Given the large number of Illinois banks on the Federal Deposit Insurance Corporation's list of failed banks, how have Illinois banks generally fared during the national banking crisis?

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kipling2448 | (Level 3) Educator Emeritus

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With 59 of its banks currently on the Federal Deposit Insurance Corporation's Failed Bank List, Illinois is certainly well-represented in the category of bank failures.  While other states, Florida, for example, are also well-represented -- and state population should be considered in any discussion of relative banking problems, as states with larger populations generally have more banks -- Illinois is ranked #3 on the list of "most dangerous states for banking" by the senior financial analyst for MoneyRates.com. [www.money-rates.com/news/the-most-dangerous-states-for-banking.htm]  As MoneyRate.com's analyst notes, however, Illinois has not fared disproportionatly worse than its number of failed banks would seem to indicate given the size of its banking market.  When size of banking market is factored into the equation, then Illinois' ranking drops, although how far is not specified.  Certainly, though, Florida, Washington, and Georgia are in much worse shape than Illinois, although it is all degrees of bad.

When the FDIC first began to develop its Failed Bank List, Illinois stood out with the highest number of bank failures, which certainly indicated the potential for a problem in how that state regulates its banks -- and banking regulation is a complicated matter, with both federal and state agencies providing oversight of various categories of banks.  Bank failures in Illinois continue at a worrisome rate, with eight banks closing in 2012, but the Failed Bank List shows only two of its banks closing their doors so far in 2013.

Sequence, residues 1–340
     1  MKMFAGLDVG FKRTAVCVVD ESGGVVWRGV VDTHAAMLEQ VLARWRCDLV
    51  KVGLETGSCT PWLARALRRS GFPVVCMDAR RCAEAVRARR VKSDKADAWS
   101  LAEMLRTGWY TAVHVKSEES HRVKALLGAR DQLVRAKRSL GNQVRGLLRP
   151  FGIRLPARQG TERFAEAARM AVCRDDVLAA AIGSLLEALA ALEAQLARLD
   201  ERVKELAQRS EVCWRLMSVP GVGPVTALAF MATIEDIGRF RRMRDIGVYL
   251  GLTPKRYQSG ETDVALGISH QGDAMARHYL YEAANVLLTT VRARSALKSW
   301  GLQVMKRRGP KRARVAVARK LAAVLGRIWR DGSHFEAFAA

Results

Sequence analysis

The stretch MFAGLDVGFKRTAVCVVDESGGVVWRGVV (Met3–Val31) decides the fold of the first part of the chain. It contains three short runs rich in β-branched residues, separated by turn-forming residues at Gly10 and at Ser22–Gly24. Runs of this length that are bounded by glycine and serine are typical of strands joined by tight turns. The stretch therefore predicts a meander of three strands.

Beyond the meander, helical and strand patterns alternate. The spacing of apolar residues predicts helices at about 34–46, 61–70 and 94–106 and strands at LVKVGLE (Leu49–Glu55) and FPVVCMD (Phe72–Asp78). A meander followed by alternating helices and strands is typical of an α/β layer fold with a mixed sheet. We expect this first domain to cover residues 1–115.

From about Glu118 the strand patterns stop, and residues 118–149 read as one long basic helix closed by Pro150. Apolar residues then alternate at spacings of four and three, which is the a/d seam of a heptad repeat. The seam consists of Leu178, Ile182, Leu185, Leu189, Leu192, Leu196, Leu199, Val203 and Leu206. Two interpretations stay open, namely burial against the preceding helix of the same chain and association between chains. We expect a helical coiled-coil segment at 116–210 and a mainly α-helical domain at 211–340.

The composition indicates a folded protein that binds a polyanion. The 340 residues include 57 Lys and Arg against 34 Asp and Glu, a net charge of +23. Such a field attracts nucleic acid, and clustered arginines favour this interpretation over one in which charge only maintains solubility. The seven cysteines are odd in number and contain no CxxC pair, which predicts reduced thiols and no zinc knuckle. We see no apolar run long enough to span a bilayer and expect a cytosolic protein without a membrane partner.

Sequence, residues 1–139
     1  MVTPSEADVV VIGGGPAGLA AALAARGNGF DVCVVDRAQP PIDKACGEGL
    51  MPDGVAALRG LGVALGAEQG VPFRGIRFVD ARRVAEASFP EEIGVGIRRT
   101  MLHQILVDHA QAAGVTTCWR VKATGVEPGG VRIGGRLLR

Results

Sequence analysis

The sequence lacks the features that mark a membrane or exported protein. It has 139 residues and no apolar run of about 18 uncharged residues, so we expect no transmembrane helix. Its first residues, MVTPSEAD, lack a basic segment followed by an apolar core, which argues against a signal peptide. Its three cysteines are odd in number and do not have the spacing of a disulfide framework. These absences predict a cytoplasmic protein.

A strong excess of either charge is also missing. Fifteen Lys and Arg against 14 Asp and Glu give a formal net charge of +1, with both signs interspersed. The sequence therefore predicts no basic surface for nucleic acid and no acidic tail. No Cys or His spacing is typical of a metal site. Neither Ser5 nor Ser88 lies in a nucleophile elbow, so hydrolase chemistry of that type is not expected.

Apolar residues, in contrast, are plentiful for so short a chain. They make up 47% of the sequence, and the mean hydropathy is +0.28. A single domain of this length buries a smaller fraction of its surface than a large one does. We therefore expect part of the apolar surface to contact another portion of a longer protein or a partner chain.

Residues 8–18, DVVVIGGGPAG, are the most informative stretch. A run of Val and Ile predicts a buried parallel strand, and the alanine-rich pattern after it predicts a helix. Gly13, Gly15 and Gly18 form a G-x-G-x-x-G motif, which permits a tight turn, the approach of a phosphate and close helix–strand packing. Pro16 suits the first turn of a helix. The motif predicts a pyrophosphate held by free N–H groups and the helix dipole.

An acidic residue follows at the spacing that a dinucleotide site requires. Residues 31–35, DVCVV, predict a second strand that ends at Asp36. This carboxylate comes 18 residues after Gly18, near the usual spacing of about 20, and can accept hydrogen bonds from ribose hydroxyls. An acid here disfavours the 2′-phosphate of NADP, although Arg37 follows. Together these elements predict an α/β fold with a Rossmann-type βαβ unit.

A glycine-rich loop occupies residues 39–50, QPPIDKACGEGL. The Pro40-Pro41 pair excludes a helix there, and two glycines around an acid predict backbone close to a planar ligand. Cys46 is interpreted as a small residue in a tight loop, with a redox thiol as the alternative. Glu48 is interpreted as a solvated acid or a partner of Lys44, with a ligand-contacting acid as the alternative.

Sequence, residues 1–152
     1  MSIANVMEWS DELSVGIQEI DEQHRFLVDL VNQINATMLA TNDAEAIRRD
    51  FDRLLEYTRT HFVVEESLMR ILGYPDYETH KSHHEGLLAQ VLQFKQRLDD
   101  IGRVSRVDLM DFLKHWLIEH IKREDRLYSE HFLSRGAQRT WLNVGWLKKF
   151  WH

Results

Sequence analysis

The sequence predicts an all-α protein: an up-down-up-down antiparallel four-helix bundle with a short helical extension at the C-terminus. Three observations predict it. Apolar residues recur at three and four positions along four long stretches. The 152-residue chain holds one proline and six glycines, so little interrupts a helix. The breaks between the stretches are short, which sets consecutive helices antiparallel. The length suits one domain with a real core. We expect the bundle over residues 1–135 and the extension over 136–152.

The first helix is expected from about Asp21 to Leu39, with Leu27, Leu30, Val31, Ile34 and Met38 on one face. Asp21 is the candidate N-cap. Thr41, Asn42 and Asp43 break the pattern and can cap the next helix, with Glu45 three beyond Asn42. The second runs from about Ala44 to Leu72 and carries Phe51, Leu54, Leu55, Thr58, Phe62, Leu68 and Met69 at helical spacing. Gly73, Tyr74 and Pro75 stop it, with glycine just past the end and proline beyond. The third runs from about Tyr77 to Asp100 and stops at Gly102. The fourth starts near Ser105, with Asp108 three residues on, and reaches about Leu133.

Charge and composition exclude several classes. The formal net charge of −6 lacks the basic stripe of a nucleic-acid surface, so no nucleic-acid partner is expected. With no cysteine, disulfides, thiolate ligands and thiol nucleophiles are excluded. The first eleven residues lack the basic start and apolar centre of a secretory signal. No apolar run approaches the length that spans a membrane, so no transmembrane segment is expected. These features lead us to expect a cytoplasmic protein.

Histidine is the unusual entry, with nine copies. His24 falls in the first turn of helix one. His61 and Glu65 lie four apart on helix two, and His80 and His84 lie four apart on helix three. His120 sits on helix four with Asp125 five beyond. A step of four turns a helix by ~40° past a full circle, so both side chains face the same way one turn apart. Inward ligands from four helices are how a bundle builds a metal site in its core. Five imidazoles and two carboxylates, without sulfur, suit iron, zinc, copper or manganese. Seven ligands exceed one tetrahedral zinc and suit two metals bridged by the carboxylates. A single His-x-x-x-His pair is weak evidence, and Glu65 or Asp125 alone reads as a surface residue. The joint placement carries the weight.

In conclusion, Illinois has not fared well during the period of bank failures beginning in 2008.  It has suffered a very high number of bank failures.  As noted, however, relative to the size of its banking market, its losses are not disproportionately large.  The yardstick for such measurements, however, is extremely skewed given the scale of the crisis that erupted five years ago.  No state should experience as many bank failures as Illinois, Florida, Georgia and Washington State have in that period of time.  

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